Recipe 3.24. Interpreting Windows INF Files


You want to know what the parameters and data in INF files mean.


The different sections of device INF files and their significance to configuring device and driver installations are listed in brief excerpts from Microsoft's documentation below. The sections may appear in any order in an INF file.


This is a required section for every INF file and must contain a valid Signature entry for use with Windows XP.


This section identifies the individual source distribution disks or CD-ROM disks for the installation, and is required if a corresponding SourceDisksFiles section exists.


This section identifies the locations of files to be installed.


This section, required in any class installer INF file, initializes a device setup class. This section is not required in INF files that install devices and their drivers under any system-defined device class.


ClassInstall32.Services with an AddService directive control how and when the services of a particular device class are loaded.


The DestinationDirs section specifies a default destination directory for files to be copied during installation.


ControlFlags specify whether the Add Hardware Wizard will present a list of device make and model values. If the device being installed is a Plug and Play device, the wizard does not present a list.


The Manufacturer section contains the list of device model information.

Models (per Manufacturer entry)

Models establishes a reference between the name of the device, device ID, and the related DDInstall section of the INF file.

DDInstall (per Models entry)

DDInstall indicates the driver to be installed.


DDInstall.Services controls starting and establishes dependencies of services related to a device.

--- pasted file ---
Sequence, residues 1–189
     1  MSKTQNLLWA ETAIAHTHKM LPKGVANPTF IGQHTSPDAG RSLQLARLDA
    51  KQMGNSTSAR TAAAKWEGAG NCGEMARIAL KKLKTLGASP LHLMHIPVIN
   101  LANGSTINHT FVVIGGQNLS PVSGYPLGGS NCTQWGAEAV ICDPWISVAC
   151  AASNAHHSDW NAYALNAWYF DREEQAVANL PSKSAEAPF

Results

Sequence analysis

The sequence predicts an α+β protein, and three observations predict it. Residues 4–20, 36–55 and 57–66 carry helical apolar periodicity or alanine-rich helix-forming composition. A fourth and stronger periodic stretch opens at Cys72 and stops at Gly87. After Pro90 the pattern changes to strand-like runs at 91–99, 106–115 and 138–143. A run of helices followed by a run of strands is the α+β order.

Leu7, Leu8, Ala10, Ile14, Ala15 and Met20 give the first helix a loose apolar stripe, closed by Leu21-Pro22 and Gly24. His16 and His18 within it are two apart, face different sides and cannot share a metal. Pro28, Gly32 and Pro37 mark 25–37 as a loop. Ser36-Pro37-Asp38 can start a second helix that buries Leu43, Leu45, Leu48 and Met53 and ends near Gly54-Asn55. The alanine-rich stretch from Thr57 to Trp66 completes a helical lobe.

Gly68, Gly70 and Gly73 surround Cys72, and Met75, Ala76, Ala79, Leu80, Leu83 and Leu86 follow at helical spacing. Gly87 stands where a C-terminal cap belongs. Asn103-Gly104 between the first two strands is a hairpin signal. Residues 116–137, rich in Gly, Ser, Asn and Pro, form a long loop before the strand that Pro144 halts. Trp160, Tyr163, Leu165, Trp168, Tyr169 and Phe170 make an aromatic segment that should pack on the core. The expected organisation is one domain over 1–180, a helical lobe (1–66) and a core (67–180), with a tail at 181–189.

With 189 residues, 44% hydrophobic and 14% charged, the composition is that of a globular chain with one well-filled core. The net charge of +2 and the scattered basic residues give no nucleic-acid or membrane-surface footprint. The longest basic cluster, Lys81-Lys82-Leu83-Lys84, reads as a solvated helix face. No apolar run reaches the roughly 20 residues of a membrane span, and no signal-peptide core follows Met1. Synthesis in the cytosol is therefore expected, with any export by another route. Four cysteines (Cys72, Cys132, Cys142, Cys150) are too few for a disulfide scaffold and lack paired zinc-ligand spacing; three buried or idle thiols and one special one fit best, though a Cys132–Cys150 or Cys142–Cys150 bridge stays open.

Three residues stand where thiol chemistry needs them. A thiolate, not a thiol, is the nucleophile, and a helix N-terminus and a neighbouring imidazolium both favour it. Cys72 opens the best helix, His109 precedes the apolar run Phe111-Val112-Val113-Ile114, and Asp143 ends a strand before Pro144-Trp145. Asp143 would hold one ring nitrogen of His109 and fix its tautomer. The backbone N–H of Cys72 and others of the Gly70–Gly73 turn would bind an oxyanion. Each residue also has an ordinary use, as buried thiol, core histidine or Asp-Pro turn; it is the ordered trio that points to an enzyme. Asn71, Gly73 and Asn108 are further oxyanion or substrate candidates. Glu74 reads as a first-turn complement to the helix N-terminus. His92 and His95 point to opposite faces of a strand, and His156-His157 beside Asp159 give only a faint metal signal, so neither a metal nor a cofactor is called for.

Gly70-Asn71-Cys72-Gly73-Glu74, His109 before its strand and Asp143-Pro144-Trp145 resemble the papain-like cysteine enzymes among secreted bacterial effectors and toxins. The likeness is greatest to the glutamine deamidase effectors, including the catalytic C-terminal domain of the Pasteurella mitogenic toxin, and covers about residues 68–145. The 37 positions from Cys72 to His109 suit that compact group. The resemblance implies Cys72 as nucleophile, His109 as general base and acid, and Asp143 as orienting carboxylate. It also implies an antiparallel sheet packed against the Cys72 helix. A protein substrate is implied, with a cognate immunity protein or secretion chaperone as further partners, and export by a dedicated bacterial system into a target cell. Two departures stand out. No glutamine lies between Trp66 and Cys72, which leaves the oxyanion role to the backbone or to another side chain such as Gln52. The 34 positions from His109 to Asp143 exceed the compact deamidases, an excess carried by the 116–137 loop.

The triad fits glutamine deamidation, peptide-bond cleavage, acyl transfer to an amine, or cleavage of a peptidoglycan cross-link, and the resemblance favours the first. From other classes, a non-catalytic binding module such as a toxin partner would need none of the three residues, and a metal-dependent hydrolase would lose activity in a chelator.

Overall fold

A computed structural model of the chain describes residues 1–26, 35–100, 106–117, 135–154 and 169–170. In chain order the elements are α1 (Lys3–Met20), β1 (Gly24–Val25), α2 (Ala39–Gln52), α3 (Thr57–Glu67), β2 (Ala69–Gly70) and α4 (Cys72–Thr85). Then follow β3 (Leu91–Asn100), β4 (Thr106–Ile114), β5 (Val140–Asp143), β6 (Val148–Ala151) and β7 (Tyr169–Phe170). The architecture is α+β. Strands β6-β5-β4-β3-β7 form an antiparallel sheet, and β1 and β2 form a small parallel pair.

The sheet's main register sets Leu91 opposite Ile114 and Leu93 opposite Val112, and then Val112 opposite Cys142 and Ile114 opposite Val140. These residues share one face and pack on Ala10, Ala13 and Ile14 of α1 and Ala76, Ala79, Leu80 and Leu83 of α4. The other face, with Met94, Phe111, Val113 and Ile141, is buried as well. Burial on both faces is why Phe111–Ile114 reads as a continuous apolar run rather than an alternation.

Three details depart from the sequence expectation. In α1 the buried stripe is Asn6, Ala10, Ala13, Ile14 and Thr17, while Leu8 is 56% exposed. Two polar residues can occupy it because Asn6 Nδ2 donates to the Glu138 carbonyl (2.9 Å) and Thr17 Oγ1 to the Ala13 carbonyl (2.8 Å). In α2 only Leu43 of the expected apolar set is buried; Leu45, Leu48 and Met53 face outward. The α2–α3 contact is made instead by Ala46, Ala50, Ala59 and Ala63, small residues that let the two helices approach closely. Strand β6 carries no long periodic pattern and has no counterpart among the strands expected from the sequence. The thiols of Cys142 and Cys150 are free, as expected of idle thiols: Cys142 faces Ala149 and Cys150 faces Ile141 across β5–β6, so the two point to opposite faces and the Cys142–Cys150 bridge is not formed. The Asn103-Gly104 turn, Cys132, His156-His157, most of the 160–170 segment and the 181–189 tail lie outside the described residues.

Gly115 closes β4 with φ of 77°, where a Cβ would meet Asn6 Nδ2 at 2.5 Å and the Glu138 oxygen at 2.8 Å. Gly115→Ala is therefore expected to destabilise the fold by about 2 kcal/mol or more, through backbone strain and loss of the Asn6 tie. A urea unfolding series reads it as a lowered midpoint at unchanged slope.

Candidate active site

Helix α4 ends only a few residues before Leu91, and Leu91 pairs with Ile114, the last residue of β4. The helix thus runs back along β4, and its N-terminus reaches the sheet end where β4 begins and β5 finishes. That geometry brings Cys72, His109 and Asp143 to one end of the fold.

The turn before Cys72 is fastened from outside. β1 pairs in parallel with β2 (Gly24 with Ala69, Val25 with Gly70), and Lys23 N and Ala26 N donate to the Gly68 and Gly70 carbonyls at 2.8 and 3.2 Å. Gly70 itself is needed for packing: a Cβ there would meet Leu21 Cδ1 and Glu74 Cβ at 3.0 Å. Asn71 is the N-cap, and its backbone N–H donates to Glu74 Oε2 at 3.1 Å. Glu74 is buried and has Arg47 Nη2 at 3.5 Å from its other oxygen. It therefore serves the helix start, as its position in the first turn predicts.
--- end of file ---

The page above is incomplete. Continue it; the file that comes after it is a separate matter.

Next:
DDInstall.HW adds or removes Registry entries related to a device.


DDInstall.CoInstallers registers additional device installers related to a device.


DDInstall.FactDef lists the default hardware configuration I/O addressing, IRQ and DMA settings for non-Plug and Play devices.


DDInstall.LogConfigOverride provides an override to the default configuration of a Plug and Play device.


DDInstall.Interfaces indicates the export of functionality to other device classes.


InterfaceInstall32 establishes a set of device interfaces for a new device class.


This section is given control if you select Install after right-clicking an INF file.


The DDInstall.Services section is related to the DefaultInstall section.


Strings supports localization of INF files.



This is an optional entry used to indicate the source or author of the INF file.

AddReg and DelReg

These are used to specify Registry keys to be added or deleted.


By reference to file-list-sections or to a single file, CopyFiles specifies copying a file or files from the installation media to a destination.


By reference to file-list-sections or to a single file, DelFiles specifies deleting a file or files from a specific location.


By reference to file-list-sections or to a single file, RenFiles specifies renaming a file or files from a specific location.


AddService references the service-install-section for adding services related to the item being installed.


DelService deletes a previously installed service.


AddInterface refers to AddReg entries for a device/driver or additional operations.


BitReg refers to specific bit entries in Registry values to be modified.


LogConfig refers to bus configuration items supplied by Plug and Play devices or specific to non-Plug and Play devices.


UpdateInis indicates specific changes to an associated INI file.


This rarely used directive references one or more update-INI-fields-sections specifying modifications to be made on fields within the lines of an INI file.


This rarely used directive references one or more ini-to-registry-sections specifying lines or sections of an INI file to be written into the Registry.


Working with INF files is seldom if ever addressed in the resolution of specific hardware problems, but if you are creating your own device drivers or troubleshooting an installation problem, knowing the meaning of INF file parameters and data variables can be quite valuable. If you are creating your own data CDs that you want to auto-run an installation script or auto-play a specific media file, you will want to become familiar with the simple constructs in AUTORUN.INF files, covered in Recipe 3.25.

See Also

A good layman's discussion of the AUTORUN.INF file can be found at, as well as at the official Microsoft developer references, shell_basics/shell_basics_extending/autorun/autoplay_cmds.asp.

Windows XP Cookbook
Windows XP Cookbook (Cookbooks)
ISBN: 0596007256
EAN: 2147483647
Year: 2006
Pages: 408

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